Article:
Computer glitch at CSU fails to upload SAT scores making applications incomplete
A computer coding issue is worrying prospective California State University students after their SAT and ACT scores failed to upload and attach to their applications.
2 Investigates was contacted on Thursday by a college advisor claiming students were running the risk of having their applications canceled.
A spokesperson for the 23-campus university system admitted to KTVU on Friday there is indeed a problem because of a coding issue, but no applications will be denied or canceled as administrators are furiously working to correct the glitch.
“We’re working through that now and we should have it rectified soon,” Director of Public Affairs Toni Molle said. “Their applications will not be canceled. If there’s any scores that are missing, they will receive an email from us.”
The California State University launched a new application system this school year with a goal of streamlining the application process. It allows students to fill out one application and submit it to multiple campuses.
The cost to upload SAT and ACT scores typically costs $12, however Molle said the university did not want students to have to pay that for each campus application.
“It saves the students money,” Molle explained. “We tried to take that out and only have them do it once. They don’t have to pay multiple times.”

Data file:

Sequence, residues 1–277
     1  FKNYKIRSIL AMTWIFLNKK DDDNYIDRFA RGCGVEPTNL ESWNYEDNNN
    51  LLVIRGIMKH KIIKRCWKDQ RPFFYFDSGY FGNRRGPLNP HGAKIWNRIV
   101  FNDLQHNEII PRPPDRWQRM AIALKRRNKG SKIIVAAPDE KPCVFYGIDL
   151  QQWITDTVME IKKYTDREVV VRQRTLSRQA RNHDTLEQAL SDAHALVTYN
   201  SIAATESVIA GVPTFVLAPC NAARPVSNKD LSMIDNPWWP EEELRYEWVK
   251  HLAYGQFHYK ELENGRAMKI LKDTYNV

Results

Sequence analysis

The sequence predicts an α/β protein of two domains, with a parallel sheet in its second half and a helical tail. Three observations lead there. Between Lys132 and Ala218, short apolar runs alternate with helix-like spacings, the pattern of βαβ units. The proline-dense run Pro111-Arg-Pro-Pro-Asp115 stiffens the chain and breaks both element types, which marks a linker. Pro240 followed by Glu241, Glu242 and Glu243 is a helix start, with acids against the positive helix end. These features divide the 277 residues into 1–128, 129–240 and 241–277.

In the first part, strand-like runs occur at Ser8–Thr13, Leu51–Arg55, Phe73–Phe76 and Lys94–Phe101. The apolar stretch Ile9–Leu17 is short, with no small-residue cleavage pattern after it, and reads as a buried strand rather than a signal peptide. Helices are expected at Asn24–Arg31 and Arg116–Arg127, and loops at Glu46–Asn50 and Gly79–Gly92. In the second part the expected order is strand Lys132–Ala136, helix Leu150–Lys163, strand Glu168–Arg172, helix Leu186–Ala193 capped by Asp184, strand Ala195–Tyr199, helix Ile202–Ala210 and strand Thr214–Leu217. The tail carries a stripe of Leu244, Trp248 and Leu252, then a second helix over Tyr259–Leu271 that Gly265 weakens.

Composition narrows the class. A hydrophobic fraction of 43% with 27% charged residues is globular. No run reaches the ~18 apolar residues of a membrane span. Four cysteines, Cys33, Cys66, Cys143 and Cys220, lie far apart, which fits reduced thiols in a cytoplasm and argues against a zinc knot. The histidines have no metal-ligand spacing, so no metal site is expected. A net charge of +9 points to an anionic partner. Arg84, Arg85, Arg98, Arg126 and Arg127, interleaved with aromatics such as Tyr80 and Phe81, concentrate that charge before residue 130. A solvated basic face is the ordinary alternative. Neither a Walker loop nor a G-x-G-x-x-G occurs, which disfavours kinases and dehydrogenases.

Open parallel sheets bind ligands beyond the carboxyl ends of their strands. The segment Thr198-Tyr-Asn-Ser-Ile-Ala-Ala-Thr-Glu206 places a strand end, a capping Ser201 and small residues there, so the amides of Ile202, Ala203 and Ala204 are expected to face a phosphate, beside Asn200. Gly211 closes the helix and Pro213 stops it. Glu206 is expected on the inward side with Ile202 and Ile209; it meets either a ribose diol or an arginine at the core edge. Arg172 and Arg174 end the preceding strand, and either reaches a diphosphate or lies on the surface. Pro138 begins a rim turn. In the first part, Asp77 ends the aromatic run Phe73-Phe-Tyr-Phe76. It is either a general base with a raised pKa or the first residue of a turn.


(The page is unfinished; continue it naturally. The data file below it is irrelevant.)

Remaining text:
The glitch deals with computer codes associated with each application and how those codes match up with The College Board, which administers and keeps the tests and grades.
The university system and The College Board are scheduled to have another conference call later on Friday to make sure the sorting of codes and matching is fixed. Any students affected by the mismatch should have received an email.
“Students should not worry,” Molle said. “No applications will be canceled without further follow-up.”
California State University does not expect any delays and said it is on track to send out acceptance letters as it usually does.
Overall, the university said despite the “backend issue” it hopes the rollout of this new system will greatly improve the application process and ultimately save students some money.